Many great times and yarns were had around these campfires. There would be someone with a story about their surfing ventures or romantic encounter etc. Whilst everyone was engrossed in these stories or asleep they would on some occasions be sprayed with the contents of canned food and soft drinking which were put in the campfire, as joke, without being pierced and explode.

Fishing off the groyne

Fishing off the groyne was another area of conflict for surfers. Sunrise and dusk are the normally the best time to fish and coincidently before 6am and after 6pm were the times we were permitted to surf coolites near the groyne. Most fishermen cast their fishing lines away from the surfers around the end of the groyne for obvious reasons. On some occasions, however, there would be a passionate European fisherman who would cast their hook, line and sinker over the guys in the water, which would result in a barrage of abuse and profanities coming from the surfers with the occasional assertive person snapping the line off as it came near them. Inevitably someone would get hooked up and on one occasion I was the unfortunate one, getting hooked in the thigh resulting with fisherman losing his gear to the surf, once I managed to snip the hook-eye off, push the barb through the skin with a lot of swearing while pulling the hook out.

Mentors – CBSR Club Members

Most of the CBSR members were incredible enthusiastic dedicated surfers who won many Interclub, State, National and International surfing competitions. Others helped the club function and enjoyed the camaraderie.

The world was our oyster with advice from members like:-

Ron (Pixie) Moss, talented surfer with many attributes – enjoyed pushing coolite riders off their boards in front of the groyne, teaching groms how to fill in time while waiting for the surf to happen by instructing us how to play poker, pontoon, slippery sam etc for money in the City of Perth SLSC boat shed and “Pad”, etc.

Timon (Tiny) McKay – Great story teller, instrumental in transporting the “Tiny Tits Little Shits” to surf comps and surf breaks, putting up with Howie and me dropping around to his and Browneye’s house in Hasting St, Scarborough unexpectedly etc

Brian (Browneyes) Mawby-Brown – for providing advice on cars, driving, surf spots and put up with us visiting unexpectedly, etc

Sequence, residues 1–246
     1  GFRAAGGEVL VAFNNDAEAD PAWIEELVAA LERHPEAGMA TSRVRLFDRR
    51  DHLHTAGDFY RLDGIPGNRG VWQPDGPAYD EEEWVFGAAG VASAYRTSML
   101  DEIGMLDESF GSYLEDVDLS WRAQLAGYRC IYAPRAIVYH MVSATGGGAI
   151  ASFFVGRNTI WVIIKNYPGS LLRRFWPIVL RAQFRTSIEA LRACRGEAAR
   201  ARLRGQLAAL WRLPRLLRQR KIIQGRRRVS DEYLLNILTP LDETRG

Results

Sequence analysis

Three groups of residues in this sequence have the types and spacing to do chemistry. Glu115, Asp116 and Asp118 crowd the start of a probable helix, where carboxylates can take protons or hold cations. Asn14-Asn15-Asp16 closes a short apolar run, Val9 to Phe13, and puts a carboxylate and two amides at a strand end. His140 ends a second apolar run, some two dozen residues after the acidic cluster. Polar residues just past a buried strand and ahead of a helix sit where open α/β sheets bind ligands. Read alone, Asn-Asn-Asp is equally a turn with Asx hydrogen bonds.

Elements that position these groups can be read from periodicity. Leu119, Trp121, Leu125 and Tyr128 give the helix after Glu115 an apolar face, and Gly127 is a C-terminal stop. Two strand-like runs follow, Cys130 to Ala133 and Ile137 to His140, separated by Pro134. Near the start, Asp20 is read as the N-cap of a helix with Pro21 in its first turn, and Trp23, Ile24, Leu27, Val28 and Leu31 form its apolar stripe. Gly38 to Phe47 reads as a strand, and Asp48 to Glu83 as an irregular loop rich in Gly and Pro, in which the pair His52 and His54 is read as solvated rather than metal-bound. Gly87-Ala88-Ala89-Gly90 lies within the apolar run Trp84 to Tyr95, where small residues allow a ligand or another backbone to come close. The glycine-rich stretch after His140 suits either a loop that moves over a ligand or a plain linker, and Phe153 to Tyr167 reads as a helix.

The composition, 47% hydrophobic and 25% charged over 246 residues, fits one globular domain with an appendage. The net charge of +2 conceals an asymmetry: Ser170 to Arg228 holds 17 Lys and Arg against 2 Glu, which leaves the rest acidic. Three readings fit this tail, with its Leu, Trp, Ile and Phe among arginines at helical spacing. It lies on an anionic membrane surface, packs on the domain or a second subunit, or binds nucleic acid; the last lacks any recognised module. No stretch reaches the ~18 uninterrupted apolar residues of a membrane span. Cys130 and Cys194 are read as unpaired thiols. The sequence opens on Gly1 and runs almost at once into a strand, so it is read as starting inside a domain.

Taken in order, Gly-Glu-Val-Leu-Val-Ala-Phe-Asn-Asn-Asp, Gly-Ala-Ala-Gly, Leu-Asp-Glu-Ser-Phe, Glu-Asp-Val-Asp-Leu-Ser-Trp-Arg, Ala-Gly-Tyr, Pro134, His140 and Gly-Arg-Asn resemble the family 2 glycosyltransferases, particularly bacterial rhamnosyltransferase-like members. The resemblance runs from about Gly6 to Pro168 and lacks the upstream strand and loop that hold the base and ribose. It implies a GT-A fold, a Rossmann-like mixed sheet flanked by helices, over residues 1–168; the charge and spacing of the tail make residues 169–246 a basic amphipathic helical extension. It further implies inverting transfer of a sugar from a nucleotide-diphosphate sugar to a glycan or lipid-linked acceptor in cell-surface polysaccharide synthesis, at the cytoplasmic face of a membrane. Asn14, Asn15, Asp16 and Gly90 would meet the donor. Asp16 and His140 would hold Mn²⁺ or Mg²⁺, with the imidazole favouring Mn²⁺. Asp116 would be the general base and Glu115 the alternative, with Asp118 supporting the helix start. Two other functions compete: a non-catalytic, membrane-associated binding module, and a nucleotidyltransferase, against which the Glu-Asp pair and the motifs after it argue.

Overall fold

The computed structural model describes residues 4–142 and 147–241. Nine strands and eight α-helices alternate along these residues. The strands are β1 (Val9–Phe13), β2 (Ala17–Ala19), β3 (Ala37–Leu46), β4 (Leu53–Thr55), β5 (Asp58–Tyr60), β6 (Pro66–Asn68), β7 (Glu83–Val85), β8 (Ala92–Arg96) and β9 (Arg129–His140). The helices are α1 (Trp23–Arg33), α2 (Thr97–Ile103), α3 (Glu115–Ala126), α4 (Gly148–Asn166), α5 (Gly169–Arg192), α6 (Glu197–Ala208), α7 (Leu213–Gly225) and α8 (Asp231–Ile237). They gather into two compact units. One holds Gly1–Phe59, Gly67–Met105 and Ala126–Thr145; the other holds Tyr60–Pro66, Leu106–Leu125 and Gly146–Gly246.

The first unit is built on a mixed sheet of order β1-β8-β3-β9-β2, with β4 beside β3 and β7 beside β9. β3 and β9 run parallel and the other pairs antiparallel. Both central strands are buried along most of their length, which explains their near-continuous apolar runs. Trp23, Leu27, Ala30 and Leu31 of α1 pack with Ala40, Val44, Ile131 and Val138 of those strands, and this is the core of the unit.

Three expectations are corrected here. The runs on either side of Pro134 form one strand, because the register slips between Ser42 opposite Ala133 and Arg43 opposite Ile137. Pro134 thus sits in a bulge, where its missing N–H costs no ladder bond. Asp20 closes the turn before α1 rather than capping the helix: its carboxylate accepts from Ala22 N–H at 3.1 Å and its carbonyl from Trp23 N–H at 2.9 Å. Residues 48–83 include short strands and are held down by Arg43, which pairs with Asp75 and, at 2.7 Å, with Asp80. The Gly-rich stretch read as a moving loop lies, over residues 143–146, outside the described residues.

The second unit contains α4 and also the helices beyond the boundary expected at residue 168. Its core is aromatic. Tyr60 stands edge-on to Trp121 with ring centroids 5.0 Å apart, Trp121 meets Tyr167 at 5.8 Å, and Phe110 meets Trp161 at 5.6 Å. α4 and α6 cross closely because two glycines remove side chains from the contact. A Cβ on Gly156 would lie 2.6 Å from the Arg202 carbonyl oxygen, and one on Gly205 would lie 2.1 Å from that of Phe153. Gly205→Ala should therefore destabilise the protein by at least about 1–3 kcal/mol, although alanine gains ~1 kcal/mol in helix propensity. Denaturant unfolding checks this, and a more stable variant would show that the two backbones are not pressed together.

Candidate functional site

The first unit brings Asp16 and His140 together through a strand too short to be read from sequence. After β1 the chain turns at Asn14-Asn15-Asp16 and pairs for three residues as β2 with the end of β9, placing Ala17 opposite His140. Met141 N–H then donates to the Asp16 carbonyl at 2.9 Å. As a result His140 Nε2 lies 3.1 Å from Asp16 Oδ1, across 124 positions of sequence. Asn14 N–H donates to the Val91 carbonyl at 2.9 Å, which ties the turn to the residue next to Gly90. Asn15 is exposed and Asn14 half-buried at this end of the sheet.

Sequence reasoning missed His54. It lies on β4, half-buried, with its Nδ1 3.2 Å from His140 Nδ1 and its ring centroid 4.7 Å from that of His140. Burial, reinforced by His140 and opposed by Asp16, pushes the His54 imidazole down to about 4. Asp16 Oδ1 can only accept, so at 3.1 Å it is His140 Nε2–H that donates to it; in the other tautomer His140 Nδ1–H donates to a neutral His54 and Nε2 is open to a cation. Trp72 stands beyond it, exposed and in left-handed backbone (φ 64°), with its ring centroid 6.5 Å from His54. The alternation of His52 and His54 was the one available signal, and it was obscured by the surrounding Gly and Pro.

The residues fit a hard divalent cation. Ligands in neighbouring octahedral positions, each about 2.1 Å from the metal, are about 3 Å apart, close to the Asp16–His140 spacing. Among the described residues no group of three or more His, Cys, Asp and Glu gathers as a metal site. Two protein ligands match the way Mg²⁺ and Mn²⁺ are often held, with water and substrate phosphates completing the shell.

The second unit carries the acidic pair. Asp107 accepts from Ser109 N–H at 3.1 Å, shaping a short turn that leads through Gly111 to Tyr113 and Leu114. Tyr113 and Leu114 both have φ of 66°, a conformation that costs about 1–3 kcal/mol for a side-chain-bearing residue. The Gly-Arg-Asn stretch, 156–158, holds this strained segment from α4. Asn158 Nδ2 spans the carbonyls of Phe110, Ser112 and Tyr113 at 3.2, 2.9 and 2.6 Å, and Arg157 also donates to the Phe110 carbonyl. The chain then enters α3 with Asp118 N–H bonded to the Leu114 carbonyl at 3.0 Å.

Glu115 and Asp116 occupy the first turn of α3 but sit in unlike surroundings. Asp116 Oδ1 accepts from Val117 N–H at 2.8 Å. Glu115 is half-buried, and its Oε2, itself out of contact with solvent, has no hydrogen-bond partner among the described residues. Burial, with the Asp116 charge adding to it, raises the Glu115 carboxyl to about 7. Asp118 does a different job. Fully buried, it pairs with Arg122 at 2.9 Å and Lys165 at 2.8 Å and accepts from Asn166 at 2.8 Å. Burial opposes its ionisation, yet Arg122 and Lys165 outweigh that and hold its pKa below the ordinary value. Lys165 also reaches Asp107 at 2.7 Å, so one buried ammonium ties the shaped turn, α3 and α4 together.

Bruce (Lumpy) King, Kevin (DO) O’Dwyer, Phil Henderson etc – dropping around Tiny’s and Browneye’s house with stories about surfing trips, cars, girls and the night before, etc.

In finishing I would like to especially thank Jim King for having the drive and foresight to gather and publish stories of surfing history in WA.

** see related material**

1960-70s Coolite surfboards – Wednesday 2 March 2106

1970-80s Foamie surfboards – Saturday 5 March 2016

Gallery
0 comment

1950s-70s Jim Keenan’s – Surfing Memoirs (Part 2 Guam, Red Bluff & SW Anecdotes).

Jim Keenan’s surfing memoirs continue on from Part 1 Metro, South West & East Coast.

These are Jim’s surfing memoirs Part 2 Guam, Red Bluff & SW Anecdotes.

Mid 66 I took off with my bride Pat for Guam and another phase of surfing. I was treated like a king on Guam by the surfing fraternity whom were mainly Californians. Great times. Returned to Perth in 70 and enjoyed another spell down south before heading east again and then eventually Carnarvon.

Photo: 1966 Guam. Jim Keenan featured surfing on cover of Guam Book. Photo courtesy of Jim Keenan.

1966 J Keenan cover Guam Book J Keenan pic PNG image

Carnarvon was not on the surfing map until about mid 70’s. My first visit to Red Bluff revealed a break devoid of surfers.

The next image was taken very early in 70’s when I was on a safari. The reason I went there is because Ralph McNab whom in his early days was a shearer/wool classer, used to speak of the big swells that hit the Gascoyne coast in winter. Ralph used to do contract work on the coastal stations. Of course no one believed him and that included myself until visiting the area on the safari. Many breaks are now surfed along the Gascoyne Coast north of Carnarvon, especially during the winter months.

Photo: Early 1970s Red Bluff near Carnarvon. Photo courtesy of Jim Keenan.

1970s Red Bluff Carnarvon Jim Keenan IMG_0001